The Apollo space program was much less technologically demanding and much more accessible to public understanding. It occurred in the context of U.S.-Soviet competition; it was directly relevant to national security (ballistic missiles; the coin of international prestige); it had a time frame for success — President Kennedy’s pledge to go to the moon in the 1960s — that could hold the public’s attention, and incremental progress (orbital flights) the public could comprehend.

Because the fusion energy program lacks such immediacy, transparency and glamour, it poses a much more difficult test for the political process. Because of its large scale and long time horizon, the fusion project is a perfect example of a public good the private sector cannot pursue and the public sector should not slight. Most government revenues now feed the public’s unslakable appetite for transfer payments. The challenge for today’s political class is to moderate its subservience to this appetite sufficiently to enable the basic science that will earn tomorrow’s gratitude. 

— George Will is a columnist for Washington Post Writers Group.

Comments

Ken Lassman 1 year ago

Well, Ho, ho, ho! Curmudgeon George has donned his beard of white whiskers and given us a Christmas column that reads more like a glossy brochure selling a fast, red sports car, complete with a long-legged model resting alluringly along its sleek lines. Only instead of a muscle car, Mr. Will is selling us something he has mysteriously pulled from the back storage room: the fusion genie! You know, the genie that comes without a bottle because "a piece of the sun" is too friggin hot to be contained by any substance we've come up with so far?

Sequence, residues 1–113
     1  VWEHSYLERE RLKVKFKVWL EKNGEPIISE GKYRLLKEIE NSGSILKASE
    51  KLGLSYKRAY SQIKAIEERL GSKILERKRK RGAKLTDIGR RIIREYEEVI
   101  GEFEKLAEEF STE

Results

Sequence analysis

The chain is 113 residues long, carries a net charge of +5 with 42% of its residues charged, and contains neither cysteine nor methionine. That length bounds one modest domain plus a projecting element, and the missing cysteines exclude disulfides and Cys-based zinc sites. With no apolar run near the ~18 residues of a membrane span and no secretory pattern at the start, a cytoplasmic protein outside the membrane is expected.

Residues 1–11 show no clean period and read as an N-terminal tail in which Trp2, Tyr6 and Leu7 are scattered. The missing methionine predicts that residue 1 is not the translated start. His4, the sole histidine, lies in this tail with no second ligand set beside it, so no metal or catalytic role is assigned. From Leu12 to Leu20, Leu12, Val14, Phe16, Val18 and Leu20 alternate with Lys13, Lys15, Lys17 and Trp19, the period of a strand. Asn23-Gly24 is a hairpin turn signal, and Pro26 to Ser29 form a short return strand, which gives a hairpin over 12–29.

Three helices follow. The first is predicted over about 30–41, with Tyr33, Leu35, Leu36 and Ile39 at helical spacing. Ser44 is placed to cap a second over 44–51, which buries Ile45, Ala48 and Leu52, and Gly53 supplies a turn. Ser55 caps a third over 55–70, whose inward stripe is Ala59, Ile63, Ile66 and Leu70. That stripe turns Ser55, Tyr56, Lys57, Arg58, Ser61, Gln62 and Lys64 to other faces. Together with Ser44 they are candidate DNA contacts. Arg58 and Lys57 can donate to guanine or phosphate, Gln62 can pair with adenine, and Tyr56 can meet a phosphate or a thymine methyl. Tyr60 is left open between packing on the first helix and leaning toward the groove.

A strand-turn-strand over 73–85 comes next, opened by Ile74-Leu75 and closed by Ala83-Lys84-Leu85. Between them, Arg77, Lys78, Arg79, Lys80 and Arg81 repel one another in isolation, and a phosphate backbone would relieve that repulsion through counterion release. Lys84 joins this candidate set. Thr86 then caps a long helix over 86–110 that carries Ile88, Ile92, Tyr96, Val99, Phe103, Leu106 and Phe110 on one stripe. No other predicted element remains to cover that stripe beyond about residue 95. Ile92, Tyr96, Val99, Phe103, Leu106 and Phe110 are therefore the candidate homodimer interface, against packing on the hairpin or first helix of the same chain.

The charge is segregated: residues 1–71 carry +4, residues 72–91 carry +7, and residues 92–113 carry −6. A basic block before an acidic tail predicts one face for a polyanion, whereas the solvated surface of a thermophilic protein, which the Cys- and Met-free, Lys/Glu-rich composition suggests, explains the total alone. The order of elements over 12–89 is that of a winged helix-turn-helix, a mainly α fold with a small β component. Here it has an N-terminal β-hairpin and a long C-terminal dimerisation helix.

Mr. Will's little PR piece from the folks who have made fusion into a multiple career pipe dream contains very little reality on the state of things in fusion research, which seems to me worth checking out. A particularly good overview of the history and future prospects of fusion has been written by a Daniel Clery, titled "A piece of the sun," and it chronicles the long history of sincere hopes and "solutions" that have been dashed into failed pieces by this genie with such bright prospects and steep requirements.

Check out the funding of the National Ignition Program, just the latest attempt to create a containable fusion environment that will produce more energy than it takes to create, and how it promised in 2009 that given lasers 100 times more powerful than tried previously (to the tune of 3.5 billion dollars), they would attain net energy surplus. They assured reaching this point by 2012 and everything has worked exactly according to plan and design, except for the net surplus. It still consumes more energy than it produces.

The next "last" hope is an international effort largely funded by the US called ITER, and guess what? It is mired in huge cost overruns and delays. So it has been over 60 years and countless billions of dollars spent, with not a single fusion event to show where more energy wasn't spent than produced, let alone done so in a manner where that surplus energy could be harnessed to make electricity. This issue, mis-characterized by Mr. Will as a minor next step, has been the crux of the barrier that has stopped fusion cold. And don't get me started about efforts toward "cold fusion!"

Standard nuclear energy plants used to produce electricity are based on fission, where unstable uranium atoms are rendered asunder, a process that produces such an overabundance of energy for boiling water that it has been described akin to cutting butter with a chainsaw. Fusion must be like cutting butter with a piece of the sun, no? So no thanks, Mr. Will; your uncharacteristic optimism is misplaced and doesn't shed any new light on a topic where history has repeatedly looked for solutions, only to be burned.